Maurice Possley, Pulitzer Prize winning journalist at The Chicago Tribune, NYT Best selling author, and head researcher for The National Registry of Exonerations at The University of Michigan Law School.
Listen to Maurice Possley of the National Registry of Exonerations respond to hearing that Jesse’s counsel failed to investigate and present alibi witnesses. He called it “unconscionable” when Jesse’s whereabouts at the time was the central issue at trial. He asks, “Why wouldn’t you?” The truth is - it is inexplicable that a team of attorneys would not have taken the reasonable efforts to investigate their client’s alibi and witnesses - especially given the gravity of the criminal charges and magnitude of sentence facing their client.
JESSE BROOKS’ ATTORNEYS FAILED TO INVESTIGATE ALIBI AND PRESENT WITNESSES
When Jesse Brooks was charged in 2007, he knew he was innocent and he was eager to prove it. He provided his lawyers with his alibi and other witnesses to corroborate his innocence. The attorneys had more than 2-1/2 years to investigate, interview witnesses, gather cell tower records and collect evidence that would substantiate Jesse’s innocence. That is their job. Instead, they did nothing. They brought no proof of alibi, no corroborating witnesses or any other evidence of innocence. With no defense, Jesse was convicted. And to make matters worse, the lawyers also failed to bring alibi evidence forward during Jesse’s appeal to the New Hampshire Supreme Court. That attempt to obtain justice failed spectacularly, too. Now, his hopes of freedom rests in the habeas hearing scheduled for June 20th.
THE STATE FAILED TO CONDUCT INVESTIGATION DESPITE REPEATED TRIPS TO LAS VEGAS
Astonishingly, police and prosecutors made repeated trips to Las Vegas, yet failed to investigate anything, whatsoever, concerning Jesse Brooks’ whereabouts for the highly critical June 16, 2005 bedroom conspiracy meeting. They had Jesse’s court record so they were fully aware that Jesse was in court in front of a judge at 9:00 a.m. – the very time that Joseph Vrooman claimed Jesse was with him in a conspiracy meeting. Police and prosecutors also failed to subpoena cell tower records to triangulate location data for the supposed meeting and never interviewed Jesse’s attorney (now District Attorney of Las Vegas) or his doctor. Interestingly, police boasted that their investigation involved interviewing more that 400+ people in a number of states yet they failed to question anyone concerning Jesse’s alibi after learning his court date coincided with star witness Joseph Vrooman’s bedroom meeting. Police did however spend a great deal of time in Las Vegas interviewing a stripper 2X and waitresses at a bar where they claimed Joseph Vrooman was a “regular.”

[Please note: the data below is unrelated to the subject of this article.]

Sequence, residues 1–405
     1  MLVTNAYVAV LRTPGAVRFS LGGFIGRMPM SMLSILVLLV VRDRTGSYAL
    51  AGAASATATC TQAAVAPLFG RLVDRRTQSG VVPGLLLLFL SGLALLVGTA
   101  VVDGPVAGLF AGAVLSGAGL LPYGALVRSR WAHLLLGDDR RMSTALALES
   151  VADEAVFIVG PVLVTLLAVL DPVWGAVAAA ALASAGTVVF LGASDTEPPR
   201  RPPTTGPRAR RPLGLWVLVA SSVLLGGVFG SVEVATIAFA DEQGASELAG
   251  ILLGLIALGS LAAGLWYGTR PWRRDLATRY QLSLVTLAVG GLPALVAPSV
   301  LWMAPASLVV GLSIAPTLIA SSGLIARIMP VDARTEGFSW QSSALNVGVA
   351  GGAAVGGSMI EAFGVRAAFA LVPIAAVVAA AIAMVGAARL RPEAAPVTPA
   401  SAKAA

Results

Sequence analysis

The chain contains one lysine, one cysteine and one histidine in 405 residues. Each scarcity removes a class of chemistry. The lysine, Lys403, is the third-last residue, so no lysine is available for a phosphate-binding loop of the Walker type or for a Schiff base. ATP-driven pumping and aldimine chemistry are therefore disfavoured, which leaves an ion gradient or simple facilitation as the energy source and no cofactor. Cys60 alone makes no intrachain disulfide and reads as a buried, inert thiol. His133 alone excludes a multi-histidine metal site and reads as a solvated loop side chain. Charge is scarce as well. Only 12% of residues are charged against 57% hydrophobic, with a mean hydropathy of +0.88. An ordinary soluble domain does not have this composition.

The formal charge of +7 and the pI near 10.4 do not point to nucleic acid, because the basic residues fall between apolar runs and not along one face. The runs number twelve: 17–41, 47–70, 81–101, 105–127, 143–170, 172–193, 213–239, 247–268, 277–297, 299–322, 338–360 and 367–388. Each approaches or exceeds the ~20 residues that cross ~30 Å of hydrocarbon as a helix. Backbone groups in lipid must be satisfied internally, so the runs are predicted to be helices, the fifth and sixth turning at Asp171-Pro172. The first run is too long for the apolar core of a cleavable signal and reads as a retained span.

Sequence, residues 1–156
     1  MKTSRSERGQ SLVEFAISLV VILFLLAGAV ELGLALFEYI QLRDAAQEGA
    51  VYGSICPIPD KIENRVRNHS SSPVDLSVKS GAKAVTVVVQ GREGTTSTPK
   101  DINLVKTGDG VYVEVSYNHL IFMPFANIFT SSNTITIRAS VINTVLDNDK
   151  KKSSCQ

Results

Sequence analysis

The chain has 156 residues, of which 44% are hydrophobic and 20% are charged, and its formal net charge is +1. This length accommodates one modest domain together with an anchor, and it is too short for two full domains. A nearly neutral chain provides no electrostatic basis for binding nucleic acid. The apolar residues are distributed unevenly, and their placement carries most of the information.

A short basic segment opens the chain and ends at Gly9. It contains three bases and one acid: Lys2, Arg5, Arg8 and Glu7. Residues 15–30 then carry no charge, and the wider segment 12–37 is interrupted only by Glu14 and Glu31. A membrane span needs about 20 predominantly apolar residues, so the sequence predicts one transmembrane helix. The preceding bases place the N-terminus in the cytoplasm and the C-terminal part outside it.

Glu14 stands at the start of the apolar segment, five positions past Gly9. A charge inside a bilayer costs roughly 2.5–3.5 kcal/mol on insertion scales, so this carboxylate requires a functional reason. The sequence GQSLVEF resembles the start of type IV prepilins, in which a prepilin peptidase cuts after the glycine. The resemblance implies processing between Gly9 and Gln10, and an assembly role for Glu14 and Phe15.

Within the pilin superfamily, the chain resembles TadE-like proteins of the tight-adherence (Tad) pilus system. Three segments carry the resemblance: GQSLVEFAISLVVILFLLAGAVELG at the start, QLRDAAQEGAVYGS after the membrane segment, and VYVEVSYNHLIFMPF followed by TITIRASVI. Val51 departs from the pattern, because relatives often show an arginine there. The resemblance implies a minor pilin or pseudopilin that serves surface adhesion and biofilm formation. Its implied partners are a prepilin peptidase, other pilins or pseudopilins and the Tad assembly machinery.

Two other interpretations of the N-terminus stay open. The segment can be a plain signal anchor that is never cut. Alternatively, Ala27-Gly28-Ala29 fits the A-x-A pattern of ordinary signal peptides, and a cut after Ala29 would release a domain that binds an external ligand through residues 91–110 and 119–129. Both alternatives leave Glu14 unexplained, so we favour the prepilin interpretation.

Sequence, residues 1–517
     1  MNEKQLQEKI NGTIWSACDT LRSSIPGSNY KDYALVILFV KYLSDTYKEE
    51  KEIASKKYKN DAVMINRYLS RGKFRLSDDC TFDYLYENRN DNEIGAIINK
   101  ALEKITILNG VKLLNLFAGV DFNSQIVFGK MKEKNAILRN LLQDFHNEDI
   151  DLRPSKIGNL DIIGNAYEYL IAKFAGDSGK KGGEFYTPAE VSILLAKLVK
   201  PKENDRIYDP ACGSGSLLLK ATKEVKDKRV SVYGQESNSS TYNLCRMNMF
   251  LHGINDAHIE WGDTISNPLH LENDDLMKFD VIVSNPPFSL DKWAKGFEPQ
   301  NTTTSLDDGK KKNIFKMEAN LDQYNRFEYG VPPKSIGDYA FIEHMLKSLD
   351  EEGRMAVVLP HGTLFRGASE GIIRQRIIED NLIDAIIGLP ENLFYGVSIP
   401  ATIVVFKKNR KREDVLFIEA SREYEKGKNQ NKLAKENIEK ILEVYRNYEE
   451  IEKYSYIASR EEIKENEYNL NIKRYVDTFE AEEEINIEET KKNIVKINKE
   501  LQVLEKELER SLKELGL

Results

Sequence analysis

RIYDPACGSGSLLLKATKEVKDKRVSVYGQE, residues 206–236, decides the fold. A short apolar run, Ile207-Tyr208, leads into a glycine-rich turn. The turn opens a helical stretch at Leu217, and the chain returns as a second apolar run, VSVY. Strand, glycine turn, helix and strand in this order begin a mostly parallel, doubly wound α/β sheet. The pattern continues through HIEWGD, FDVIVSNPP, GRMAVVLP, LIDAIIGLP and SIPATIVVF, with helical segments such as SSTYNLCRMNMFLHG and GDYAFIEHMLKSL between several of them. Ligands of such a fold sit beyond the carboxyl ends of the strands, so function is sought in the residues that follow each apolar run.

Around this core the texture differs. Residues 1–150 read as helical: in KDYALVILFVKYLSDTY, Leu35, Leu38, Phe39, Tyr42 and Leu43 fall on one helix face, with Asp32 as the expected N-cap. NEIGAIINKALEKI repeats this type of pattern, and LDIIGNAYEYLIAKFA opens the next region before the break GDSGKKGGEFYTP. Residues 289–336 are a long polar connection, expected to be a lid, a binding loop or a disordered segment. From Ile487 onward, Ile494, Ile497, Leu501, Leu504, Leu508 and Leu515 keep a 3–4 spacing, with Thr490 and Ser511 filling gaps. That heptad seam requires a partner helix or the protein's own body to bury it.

They never once investigated Jesse Brooks.
STATE’S ARGUMENT – THE JURY COULD HAVE CONCLUDED BASED ON THE TESTIMONY
A long-time, well-respected New Hampshire trial attorney gave an expert opinion confirming that Jesse was deprived of effective counsel, stating, “The testimony of Joseph Vrooman against the Petitioner was central to the State’s case against him. His highly damaging uncorroborated testimony describing a Las Vegas bedroom meeting with Jesse Brooks present was not effectively impeached, despite evidence available to the defense to demonstrate that Vrooman’s claims with respect to Jesse Brooks’ attendance at that meeting did not and could not have happened.”
The bedroom meeting encompassed every aspect of the State’s theory. They argued exhaustively to keep the bedroom meeting front and center while they withheld the exculpatory evidence during Jesse’s trial but now claim that the jury could have reasonably concluded guilt based on other overwhelming evidence. There was no other overwhelming evidence - just unsubstantiated hearsay provided by incentivized codefendant-informants which Jesse’s attorney’s failed to object to.
COURT’S CONFIDENCE IN CRIMINAL TRIAL IMPACTED BY EXCLUDING ALIBI EVIDENCE, NOT PRESENTING A SINGLE WITNESS OR EXPERT, A MULTITUDE OF HEARSAY STATEMENTS, WEALTH BIAS, AND MORE
The State’s case against Jesse Brooks was less than compelling. Had Jesse’s attorneys presented his alibi defense in a manner consistent with their obligations under the sixth amendment, it would have raised a reasonable doubt and undermined the court’s confidence in the outcome of the trial. This is not a case of a client being hypercritical in hindsight - these were egregious mistakes, by well-paid attorneys, that have cost Jesse Brooks his life.
The National Registry of Exonerations, founded in 2011, tracks all exonerations since 1989 and issues regular reports about statistics and trends. In its newest 2017 report, Registry researchers found that 60 percent of the wrongful convictions overturned that year involved official misconduct by police, prosecutors or other government officials. "But the most common misconduct documented in the cases in the Registry involves police or prosecutors (or both) concealing exculpatory evidence," according to the report.
Brandon Garret, law professor at the University of Virginia and author of the heralded Convicting the Innocent, was reported saying, “It’s remarkable how much official misconduct plays a role in these exonerations, and it’s remarkable when it comes to light, because it tends to stay concealed.”